There’s another thing that comes to the sons of Korah as they think through their situation and take stock of where they are and yet also take stock of what God does for them. Look at verse 5, “Blessed are those whose strength is in you, in whose hearts are the highways to Zion. As they go through the Valley of Baca, they make it a place of springs; the early rain also covers it with pools.” What are they talking about? They’re talking about strength. They’re talking about strength. What comes to the people of God in the places where God has put them, even the hard places, strength. Blessed, happy, fulfilled, enriched, satisfied. Again, that full Hebrew sense of the word “blessed” are those whose strength is in You. Where does the strength of the sons of Korah come from to deal with life as they face it right now? Where does your strength come from to deal with life as you face it right now? And sometimes in some very difficult circumstances, perhaps in business, perhaps in family, perhaps in our own health, perhaps as we watch the news and we see our culture falling apart around us, where does our strength come to endure those times, to think in terms of the way God helps us think and helps us understand in these times? It comes from Yahweh; it doesn’t come from us. It doesn’t originate with us. Our strength is in Yahweh. We trust in Him.

How do we gather strength from Yahweh? We learn to think about ourselves and the life we live in the world that God has placed us from how God has said we think about life and ourselves and the world in which He has placed us. We gather our strength from understanding our life and our world from His point of view, from leaning on Him, from trusting Him. The beautiful Proverbs chapter 3, “Trust the Lord with all your heart and lean not on your own understanding. In all your ways acknowledge Him and He will make your path straight.” That’s those who find their strength in Yahweh. He makes this business of the “highways of Zion.” What is that? What a strange sentence! It is, maybe so maybe not better translated in the NIV, “those whose hearts are on pilgrimage,” those who are recognizing, “I’m on my way through here. This is not it for me. This is not home for me. This is not the place where I root. I am passing through and much good comes to me. I gather much good and God does much good for me and God in this place fits me for where the world that is to come where my home really is. I’m on pilgrimage through here. I’m gathering an understanding of God. I’m gathering an understanding of His Word that I’ll never gather elsewhere. I’m gathering an understanding of what it is to be connected to the body of Christ and what the family of God looks like. I gather that here so that I can appreciate it and rejoice in it there, but I’m gathering on my way through. I’m not setting down roots. I’m not living here.” Maybe that’s some of our understanding, some of the reason from time to time we find ourselves so bothered and so discontent and so upset with life here because maybe we want more than this world can give us. Maybe we’re looking for more than this world is designed to give us. This world is designed to give us certain things and certainly provide us many things but in a sense of passing through to something better.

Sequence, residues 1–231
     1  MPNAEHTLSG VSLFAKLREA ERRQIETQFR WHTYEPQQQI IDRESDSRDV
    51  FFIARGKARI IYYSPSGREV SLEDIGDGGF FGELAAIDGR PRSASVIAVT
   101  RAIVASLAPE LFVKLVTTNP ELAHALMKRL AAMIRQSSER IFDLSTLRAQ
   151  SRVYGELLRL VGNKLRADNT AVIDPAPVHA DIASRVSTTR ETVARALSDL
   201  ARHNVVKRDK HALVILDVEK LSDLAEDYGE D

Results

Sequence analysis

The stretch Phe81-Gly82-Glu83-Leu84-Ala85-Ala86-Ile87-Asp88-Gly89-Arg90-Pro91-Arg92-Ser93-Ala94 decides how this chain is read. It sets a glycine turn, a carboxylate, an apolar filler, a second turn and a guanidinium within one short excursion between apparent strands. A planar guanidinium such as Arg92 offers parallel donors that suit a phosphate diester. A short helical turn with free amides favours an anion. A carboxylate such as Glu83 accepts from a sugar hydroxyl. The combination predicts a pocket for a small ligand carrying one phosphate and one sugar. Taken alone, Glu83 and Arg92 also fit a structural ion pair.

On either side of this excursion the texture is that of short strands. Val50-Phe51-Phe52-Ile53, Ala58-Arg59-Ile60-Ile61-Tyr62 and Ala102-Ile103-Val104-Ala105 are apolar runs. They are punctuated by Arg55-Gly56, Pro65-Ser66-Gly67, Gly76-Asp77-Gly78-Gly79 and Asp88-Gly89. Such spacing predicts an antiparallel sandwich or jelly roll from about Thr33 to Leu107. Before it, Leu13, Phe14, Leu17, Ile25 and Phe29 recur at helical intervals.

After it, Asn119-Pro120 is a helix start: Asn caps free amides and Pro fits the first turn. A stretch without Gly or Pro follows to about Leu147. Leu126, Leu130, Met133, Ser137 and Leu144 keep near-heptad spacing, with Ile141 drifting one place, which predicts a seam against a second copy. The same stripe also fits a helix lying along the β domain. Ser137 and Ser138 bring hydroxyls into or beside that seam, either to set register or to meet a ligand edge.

Sometimes those ways through which we travel through are very difficult ways, aren’t they? The sons of Korah speak about the “Valley of Baca.” From all that the scholars say, the wording would indicate a dry and inhospitable, difficult, desert place. Have you ever been there? I’ll bet you have. I’ll bet you’ve been to the Valley of Baca if you’ve never left Jackson. God pulls us through those places sometimes, doesn’t He? There’s a Valley of Baca that you’ve been through. If you haven’t been through yet, back your bags; you’re going. You’re going to a hard, dry, difficult, inhospitable place. And when we’re there sometimes we feel like, “I’ll never get out of this place.”